One can imagine the same scenario with a different outcome. We’re in the cabin. One-year-old Joel is standing up with his hands on the sofa, and I’m urging him to come to me. I say, “Come on, son. You can do it. Come on.” He turns toward me. He lifts and extends his foot. We all hold our breath. He shifts his weight – he’s taken his first step! He then quickly takes another and another, then goes crashing down in a heap.
And that’s when I say: “That’s all you got? What’s the matter with you? I give you a year, and all you can give me is three lousy steps! You are such a disappointment to me.”
Some people think God is like the critical, impossible-to-please me in the second scenario. Continue reading

Posted in Peace with God, Spiritual life, Theology | Tagged , , | 1 Comment

Come Home: Does God Want You Back?

Young marrieds Jim and Jane Flynn were swimming in Lake George in New York state. When Jim got out of the water, he realized his wedding ring had slipped off and was somewhere at the bottom of the lake. Jane continued to wear her ring but Jim’s was lost.

Thirty-nine years later, a woman snorkeling in Lake George spotted something shiny on the bottom. She at first thought it must be a bottle cap, but when she retrieved it, she found it was an engraved wedding ring, with the anniversary date inscribed on the inside. After some research, she found Jim and Jane and returned the ring to them. How surprised and delighted they were to find it again! Jim now sleeps with it under his pillow.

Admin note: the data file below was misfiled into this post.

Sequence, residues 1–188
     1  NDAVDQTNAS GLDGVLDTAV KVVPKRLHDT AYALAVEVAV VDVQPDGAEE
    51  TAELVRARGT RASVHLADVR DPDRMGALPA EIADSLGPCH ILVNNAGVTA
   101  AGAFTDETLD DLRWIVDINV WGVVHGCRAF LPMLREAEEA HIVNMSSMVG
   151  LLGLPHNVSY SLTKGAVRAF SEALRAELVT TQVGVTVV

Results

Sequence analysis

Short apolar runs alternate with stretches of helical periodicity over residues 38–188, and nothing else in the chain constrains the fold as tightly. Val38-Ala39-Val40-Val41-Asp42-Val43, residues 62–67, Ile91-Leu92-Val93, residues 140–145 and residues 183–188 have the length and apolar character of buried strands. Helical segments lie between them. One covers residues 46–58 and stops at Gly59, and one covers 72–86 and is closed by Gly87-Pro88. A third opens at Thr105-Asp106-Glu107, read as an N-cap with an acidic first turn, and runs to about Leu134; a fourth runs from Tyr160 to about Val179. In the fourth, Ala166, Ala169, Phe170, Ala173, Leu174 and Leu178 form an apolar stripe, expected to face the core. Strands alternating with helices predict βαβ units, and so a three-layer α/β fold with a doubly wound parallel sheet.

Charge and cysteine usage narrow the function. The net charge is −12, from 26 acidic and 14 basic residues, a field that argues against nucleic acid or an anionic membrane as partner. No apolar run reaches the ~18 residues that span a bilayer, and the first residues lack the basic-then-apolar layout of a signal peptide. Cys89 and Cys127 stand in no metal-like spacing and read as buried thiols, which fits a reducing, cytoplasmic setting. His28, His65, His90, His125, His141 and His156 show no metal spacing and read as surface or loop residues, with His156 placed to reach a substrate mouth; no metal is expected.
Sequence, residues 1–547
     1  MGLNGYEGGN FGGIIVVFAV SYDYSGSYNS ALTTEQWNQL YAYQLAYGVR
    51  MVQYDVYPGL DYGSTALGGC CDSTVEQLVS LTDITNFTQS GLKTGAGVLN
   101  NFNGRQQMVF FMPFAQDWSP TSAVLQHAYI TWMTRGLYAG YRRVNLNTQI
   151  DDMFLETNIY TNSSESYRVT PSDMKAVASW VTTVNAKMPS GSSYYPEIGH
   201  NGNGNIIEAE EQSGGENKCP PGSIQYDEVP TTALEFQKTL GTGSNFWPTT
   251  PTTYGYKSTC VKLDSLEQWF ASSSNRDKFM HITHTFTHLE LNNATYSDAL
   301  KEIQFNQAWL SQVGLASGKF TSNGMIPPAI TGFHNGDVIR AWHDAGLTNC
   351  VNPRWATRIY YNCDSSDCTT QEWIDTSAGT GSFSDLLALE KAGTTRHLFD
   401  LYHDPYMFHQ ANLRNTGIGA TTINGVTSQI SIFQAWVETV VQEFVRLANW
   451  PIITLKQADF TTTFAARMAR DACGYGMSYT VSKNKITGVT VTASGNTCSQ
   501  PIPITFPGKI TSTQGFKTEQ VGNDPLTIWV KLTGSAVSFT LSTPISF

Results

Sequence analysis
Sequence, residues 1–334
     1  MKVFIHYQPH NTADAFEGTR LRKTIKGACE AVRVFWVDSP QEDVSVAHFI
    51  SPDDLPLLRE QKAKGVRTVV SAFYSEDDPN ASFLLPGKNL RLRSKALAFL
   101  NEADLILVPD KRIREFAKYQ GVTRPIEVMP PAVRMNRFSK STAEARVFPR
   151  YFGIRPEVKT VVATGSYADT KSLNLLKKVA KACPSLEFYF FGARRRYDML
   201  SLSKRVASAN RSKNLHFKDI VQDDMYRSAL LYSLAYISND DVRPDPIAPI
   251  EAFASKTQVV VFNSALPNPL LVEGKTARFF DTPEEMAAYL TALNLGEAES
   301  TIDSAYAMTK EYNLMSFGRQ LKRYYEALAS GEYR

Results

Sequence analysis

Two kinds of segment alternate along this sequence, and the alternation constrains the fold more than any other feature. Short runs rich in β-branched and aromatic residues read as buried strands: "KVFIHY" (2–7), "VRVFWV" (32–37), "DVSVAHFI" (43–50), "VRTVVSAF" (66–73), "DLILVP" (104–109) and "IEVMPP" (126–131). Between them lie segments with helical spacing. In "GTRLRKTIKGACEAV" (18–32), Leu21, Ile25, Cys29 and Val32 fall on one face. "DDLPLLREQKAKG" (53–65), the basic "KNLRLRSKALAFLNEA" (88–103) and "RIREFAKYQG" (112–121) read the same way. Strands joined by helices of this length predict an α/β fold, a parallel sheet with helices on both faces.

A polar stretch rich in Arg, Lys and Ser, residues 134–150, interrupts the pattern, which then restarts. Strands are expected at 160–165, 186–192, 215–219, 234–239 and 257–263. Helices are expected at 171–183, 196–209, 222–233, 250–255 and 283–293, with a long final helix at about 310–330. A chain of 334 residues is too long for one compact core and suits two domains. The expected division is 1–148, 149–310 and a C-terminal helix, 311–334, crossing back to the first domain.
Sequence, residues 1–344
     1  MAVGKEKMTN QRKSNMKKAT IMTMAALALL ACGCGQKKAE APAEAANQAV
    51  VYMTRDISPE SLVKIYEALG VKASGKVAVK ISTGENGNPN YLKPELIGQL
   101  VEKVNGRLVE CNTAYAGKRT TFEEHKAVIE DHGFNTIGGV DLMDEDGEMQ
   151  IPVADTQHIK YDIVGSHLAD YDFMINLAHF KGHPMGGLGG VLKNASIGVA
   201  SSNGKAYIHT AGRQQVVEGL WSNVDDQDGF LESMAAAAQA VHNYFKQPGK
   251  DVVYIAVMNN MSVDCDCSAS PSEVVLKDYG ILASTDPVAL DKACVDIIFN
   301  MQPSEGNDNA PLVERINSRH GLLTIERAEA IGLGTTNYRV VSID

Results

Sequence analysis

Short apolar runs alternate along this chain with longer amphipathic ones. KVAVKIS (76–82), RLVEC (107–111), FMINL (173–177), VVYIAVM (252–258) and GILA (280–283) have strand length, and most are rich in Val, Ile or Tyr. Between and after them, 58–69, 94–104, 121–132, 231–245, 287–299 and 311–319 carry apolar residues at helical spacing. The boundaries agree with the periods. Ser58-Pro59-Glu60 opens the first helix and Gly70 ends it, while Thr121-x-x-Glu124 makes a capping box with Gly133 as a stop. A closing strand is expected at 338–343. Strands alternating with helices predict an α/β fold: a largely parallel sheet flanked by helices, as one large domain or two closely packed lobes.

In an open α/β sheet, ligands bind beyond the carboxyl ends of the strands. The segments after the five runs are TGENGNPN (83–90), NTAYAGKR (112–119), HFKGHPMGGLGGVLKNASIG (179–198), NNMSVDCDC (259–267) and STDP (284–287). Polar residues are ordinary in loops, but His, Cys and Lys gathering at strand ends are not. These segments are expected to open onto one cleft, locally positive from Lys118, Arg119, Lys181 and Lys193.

To have the cherished thing returned after a long absence is a cause for celebration. That is just what Jesus says in Luke 15, only there we discover that we are the cherished thing! God cherishes us and wants us to be with him, no matter how long ago we hit bottom. Luke 15 shows us it is never too late to come home.
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What Is God Up To Now? (God’s purpose in our world)

I’ve had my share of discussions with people who identify as atheists. I respect them, for the most part. There have been a few whose anger damaged both the rationality of their argument and the mutual respect that would have made our discussion profitable. But anger and flawed reasoning are hardly unique to atheists.